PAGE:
As the holidays approach, people tend to pay more attention to the needs of less fortunate local residents, but this month’s cuts in federal food stamp assistance are a reminder that, for some, having enough food to feed themselves and their families is a year-round concern.
In 2009, the federal economic stimulus package provided extra funding for the food stamp program, formally known as the Supplemental Nutrition Assistance Program. Now that the recession is easing across the country, those funds are being withdrawn. The result is that a family of four that had been receiving $668 per month in food stamps, now will receive $632. That loss of $36 may not seem like much, but the U.S. Department of Agriculture estimates it equates to a loss of about 27 meals a month.
That’s quite a few meals to simply skip. In Douglas County, the reduction in food stamp funding amounts to 31,886 missed meals a month for the 8,659 people who receive assistance. That number includes about 3,500 children.
In addition to this month’s cuts, about 20,000 unemployed Kansans without children are losing food stamps because of the state’s recent decision not to seek renewal of a federal waiver that allowed them to receive that assistance. Last year, a change in the way the state determines eligibility for food stamps, resulted in assistance cuts for thousands of children living in households that contained a mixture of U.S. citizens and undocumented immigrants.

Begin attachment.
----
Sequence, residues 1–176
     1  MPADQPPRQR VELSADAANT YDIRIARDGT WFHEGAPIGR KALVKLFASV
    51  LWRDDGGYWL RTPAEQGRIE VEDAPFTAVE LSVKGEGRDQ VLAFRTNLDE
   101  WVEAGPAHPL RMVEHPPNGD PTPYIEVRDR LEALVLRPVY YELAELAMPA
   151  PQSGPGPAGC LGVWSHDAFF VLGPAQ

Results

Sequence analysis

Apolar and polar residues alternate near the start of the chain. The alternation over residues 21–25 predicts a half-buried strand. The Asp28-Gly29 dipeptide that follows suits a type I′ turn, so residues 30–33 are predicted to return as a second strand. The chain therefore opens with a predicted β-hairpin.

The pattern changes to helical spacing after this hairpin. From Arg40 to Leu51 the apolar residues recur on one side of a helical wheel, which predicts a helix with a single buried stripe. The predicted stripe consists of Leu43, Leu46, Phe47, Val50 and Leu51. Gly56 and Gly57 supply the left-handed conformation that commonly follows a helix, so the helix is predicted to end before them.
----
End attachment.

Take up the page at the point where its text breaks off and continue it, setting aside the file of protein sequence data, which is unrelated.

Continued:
All of these factors have placed significant new pressures on non-profit organizations that provide food assistance. The largest such agency in Lawrence is Just Food, which serves as the city’s central food bank. To help deal with the expected upturn in demand for its services, Just Food officials are seeking additional donors willing to make monthly pledges.
Whether or not a monthly pledge fits into your budget, it’s a great time to consider stepping up with additional support for Just Food, LINK and other local agencies that assist residents who may otherwise go hungry. Many children get their main meals at school so vacations around Thanksgiving and Christmas likely will spur even more demand at local agencies.
Especially around the holidays, many of us would have to admit we often get too much to eat. We should all be concerned with children and families in our community having at least enough to get by.